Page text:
Why I am a ‘Queer Tour of London’ guide – Dan de la Motte

On 11 February 2018 Student Pride are teaming up with us at Queer Tours of London (‘A Mince Through Time’) to deliver one of our biggest bus tours to date.

We believe that it is vital that the next generation of (politically and sexually) active LGBTQ+ people are aware of the struggles, campaigns, defeats and victories of the generations that went before us, as well as the laws and institutions which kept our community oppressed, and pushed us underground. How else can we continue to mobilise around contemporary LGBTQ+ issues, in the UK and globally, without first understanding our own journey to the point that we are at today?

Living in Hackney as a younger gay man, I am fortunate to have a choice of queer night-time spaces to visit. Let’s hear it for The Glory, Dalston Superstore or Vogue Fabrics for instance, or the various LGBT and Q nights that pop up at places like the Ace Hotel in Shoreditch or Electrowerkz in Islington. We are (thankfully, mostly) safe in these spaces. Safe to explore our gender and sexual identity. Safe to have a dance and a drink. Safe to, if we’re feeling it, attempt to pull. But we mustn’t take this for granted. What about those brave queer pioneers, who went to similar spaces in London in the 1920s and 1930s, such as The Caravan Club, by Shaftesbury Avenue, raided by undercover police officers in 1934, in which 103 people were arrested, families and marriages broken up, jobs lost and careers over, in which the owner Jack Neave was sentenced to 20 months hard labour. Or Billie’s Club in Soho, raided by police three years later, in which the police report stated that ‘their [gay men] dancing consisted of suggestive movements and was exaggerated more than necessary. They spoke in effeminate voices. On another occasion [one] danced with a halfcaste. After the dance several people applauded.’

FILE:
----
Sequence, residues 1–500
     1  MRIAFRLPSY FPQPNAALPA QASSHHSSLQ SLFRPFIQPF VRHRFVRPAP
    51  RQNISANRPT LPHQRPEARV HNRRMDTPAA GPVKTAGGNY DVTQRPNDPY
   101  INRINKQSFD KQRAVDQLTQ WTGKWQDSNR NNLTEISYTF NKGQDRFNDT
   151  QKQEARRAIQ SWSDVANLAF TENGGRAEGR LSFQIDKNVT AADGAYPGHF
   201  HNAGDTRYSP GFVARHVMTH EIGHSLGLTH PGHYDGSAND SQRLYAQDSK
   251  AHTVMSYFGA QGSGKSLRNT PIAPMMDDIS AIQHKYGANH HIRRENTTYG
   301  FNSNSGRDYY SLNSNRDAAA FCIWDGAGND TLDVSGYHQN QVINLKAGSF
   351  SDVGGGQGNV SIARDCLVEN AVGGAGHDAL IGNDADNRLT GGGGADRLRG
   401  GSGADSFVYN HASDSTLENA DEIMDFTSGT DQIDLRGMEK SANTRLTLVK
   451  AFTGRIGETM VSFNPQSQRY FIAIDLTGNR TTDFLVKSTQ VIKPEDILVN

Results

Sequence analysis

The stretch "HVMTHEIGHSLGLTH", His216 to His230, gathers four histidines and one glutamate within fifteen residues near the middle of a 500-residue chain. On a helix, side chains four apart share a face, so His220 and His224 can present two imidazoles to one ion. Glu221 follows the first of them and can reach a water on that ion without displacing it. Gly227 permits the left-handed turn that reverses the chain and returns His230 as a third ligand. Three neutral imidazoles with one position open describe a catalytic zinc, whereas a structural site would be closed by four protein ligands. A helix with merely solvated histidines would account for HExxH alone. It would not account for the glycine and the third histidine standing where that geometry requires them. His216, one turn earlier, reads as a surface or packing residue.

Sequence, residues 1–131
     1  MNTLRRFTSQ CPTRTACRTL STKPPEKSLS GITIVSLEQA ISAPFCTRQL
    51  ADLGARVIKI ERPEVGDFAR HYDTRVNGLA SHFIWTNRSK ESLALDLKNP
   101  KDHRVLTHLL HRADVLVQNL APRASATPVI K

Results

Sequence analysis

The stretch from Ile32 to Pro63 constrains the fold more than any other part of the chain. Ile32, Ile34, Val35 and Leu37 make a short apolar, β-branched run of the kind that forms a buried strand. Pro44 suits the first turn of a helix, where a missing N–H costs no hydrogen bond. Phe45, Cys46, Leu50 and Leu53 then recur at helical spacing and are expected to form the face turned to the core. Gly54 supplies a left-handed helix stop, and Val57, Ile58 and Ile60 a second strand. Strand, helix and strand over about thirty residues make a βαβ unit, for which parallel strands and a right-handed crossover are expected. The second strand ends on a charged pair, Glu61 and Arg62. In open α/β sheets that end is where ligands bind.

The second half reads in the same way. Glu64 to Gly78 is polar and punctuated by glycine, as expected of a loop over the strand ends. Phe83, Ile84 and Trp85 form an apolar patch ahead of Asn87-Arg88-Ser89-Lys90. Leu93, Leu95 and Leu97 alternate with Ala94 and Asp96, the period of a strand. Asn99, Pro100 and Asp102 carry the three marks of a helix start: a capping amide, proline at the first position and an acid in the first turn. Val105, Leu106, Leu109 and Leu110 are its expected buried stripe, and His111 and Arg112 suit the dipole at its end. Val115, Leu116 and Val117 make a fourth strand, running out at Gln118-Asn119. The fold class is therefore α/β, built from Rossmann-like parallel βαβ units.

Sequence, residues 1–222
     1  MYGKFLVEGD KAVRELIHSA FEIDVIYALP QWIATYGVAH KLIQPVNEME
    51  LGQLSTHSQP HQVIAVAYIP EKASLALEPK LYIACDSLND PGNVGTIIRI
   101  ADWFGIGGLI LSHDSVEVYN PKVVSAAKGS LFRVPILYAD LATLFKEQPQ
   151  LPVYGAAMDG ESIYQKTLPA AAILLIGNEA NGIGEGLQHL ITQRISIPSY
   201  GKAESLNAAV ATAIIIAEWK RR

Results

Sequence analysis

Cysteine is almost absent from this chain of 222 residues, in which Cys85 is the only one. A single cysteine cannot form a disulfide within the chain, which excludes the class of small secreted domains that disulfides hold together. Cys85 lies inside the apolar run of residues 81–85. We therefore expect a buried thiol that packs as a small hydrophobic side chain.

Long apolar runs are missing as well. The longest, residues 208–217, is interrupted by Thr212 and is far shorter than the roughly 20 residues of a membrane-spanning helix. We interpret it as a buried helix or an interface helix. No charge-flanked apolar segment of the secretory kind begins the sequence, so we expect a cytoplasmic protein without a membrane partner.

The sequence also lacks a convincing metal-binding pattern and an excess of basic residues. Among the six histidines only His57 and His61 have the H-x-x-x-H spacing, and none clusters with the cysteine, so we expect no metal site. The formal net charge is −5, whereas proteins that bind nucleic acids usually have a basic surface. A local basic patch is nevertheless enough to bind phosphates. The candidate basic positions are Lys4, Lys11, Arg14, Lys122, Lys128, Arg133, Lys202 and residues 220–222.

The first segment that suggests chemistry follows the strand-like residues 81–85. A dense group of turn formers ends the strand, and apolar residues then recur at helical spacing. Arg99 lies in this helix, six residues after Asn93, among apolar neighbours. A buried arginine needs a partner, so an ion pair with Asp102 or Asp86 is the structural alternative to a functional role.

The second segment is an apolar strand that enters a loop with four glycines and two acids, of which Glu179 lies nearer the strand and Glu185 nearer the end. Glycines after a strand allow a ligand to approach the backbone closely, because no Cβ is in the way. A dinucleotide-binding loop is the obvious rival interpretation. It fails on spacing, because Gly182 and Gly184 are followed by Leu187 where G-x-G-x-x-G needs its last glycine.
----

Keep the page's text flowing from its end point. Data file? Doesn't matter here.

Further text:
Let us use our history to protect our present and our future – QToL are proud to be supporting the successful Save The Joiners Arms Campaign. We need these spaces for our community to thrive.

The bus tour will encourage Student Pride members to be proud in their LGBTQ+ identities. Let us learn from the Gay Liberation Front from the 1970s, and their brand of anti-assimilationist, in-yer-face equality campaigns. And let’s rekindle other forms of queer identity too – such as Polari, the secret gay language spoken by men in the 1940s and 1950s. Let’s build a community of queer individuals who are empowered and emboldened by those who went before them. At QToL we are fortunate to have ex-GLF members as part of our team, and we run Polari workshops.

When the bus reaches Westminster we will learn of the incredible campaigns against the homophobic Section 28 Legislation, such as the lesbians who abseiled down the House of Lords in protest. This in turn inspired a more recent guerrilla movement – The Sexual Avengers – to put up a fake blue plaque to commemorate it. The personal is political. Queer campaigns such as this prove this.

I’m very excited to be the tour guide for this bus tour, and hope it leads to a future relationship between Student Pride and Queer Tours of London, as we seek to use our collective history to continue to educate, empower and agitate.

To book a place on the Student Pride bus tour, please see: http://queertoursoflondon.com/2018/01/13/book-your-tickets-here-for-student-pride-queer-bus-tour-of-london-feb-11th-2018/

By Dan de la Motte

@Dandelamotte

Queer Tours of London.